As the world tries to fend off a global pandemic, Belgians are been called to duty.
According to CNBC, the coronavirus outbreak has led to a surplus of potatoes in Belgium. Normally, potatoes are in high demand to feed the country's desire for its famous frites (their version of fries). But with the country on lockdown, citizens have been unable to frequent bars and restaurants and indulge in the country's national dish.
Romain Cools, the secretary-general of Belgian potato industry body Belgapom, told CNBC that close to 750,000 tons of potatoes will not be processed this year due to the pandemic. This will mostly fall on the shoulders of the frozen potato sector, which makes up for around 75% of potato processing. To combat this, Belgapom is urging citizens to increase their weekly intake of frites.
"We’re working with supermarkets to see whether we can launch a campaign asking Belgians to do something for the sector by eating fries — especially frozen fries — twice a week during the coronavirus crisis," Cools said. "What we are trying to do is to avoid food waste, because every lost potato is a loss."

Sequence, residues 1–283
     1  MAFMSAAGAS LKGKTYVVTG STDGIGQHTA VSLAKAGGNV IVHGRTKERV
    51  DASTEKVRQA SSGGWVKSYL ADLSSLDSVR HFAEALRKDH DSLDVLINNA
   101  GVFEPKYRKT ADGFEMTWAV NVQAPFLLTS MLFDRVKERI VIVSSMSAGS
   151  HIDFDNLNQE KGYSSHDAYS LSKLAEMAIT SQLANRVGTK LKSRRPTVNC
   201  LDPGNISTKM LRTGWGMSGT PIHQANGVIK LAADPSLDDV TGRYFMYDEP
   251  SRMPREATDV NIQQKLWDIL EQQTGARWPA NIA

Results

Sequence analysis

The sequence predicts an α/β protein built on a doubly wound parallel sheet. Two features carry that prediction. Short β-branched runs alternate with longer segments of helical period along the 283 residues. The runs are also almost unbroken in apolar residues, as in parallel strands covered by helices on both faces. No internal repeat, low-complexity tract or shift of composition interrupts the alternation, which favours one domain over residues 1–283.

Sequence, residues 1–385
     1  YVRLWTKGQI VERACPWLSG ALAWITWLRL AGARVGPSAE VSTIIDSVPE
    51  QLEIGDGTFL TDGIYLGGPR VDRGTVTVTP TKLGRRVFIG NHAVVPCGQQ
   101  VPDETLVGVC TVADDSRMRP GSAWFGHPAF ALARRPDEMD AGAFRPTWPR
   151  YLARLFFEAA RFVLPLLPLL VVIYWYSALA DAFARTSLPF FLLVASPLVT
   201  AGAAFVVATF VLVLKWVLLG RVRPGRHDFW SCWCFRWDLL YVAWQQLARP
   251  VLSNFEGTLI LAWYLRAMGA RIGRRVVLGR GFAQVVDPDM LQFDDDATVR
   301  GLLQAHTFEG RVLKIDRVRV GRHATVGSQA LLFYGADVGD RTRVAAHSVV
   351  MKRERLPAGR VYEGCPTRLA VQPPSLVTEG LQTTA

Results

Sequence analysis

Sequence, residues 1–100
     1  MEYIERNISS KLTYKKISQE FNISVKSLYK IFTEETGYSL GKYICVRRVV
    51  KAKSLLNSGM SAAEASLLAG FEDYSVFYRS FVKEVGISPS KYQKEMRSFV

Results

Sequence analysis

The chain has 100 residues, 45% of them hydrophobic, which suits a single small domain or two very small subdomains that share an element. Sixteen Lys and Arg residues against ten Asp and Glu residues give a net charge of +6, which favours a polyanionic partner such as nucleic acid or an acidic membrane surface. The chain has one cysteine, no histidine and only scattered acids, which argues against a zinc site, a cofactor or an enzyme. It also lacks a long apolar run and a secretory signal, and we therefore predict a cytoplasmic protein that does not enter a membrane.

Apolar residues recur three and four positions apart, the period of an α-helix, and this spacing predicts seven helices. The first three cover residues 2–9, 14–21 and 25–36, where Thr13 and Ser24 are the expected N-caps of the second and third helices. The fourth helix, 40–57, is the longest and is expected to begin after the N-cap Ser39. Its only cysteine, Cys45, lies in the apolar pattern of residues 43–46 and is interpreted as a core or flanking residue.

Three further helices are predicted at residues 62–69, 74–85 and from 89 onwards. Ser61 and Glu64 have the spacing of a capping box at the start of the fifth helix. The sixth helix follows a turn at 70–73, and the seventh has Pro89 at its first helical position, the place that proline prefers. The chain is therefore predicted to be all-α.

Belgium instituted its nationwide lockdown on March 18. Per Johns Hopkins University, the country has 46,687 coronavirus cases as of Tuesday, with over 7,000 deaths. But with curve believed to be flattened, Belgian Prime Minister Sophie Wilmes revealed that the country will start reopening in phases beginning on May 4. But with bars and restaurants closed until June 8, Belgapom will continue pushing the home consumption of fries.
"To be very honest, the effect on potato consumption will probably last for months, and we can only try to find solutions where the solutions are — for us in Belgium, that could be pushing home consumption," Cools explained. "We’ve also asked farmers not to plant that many potatoes for the next season because we believe this season will take some extra months away from next year by postponing processing."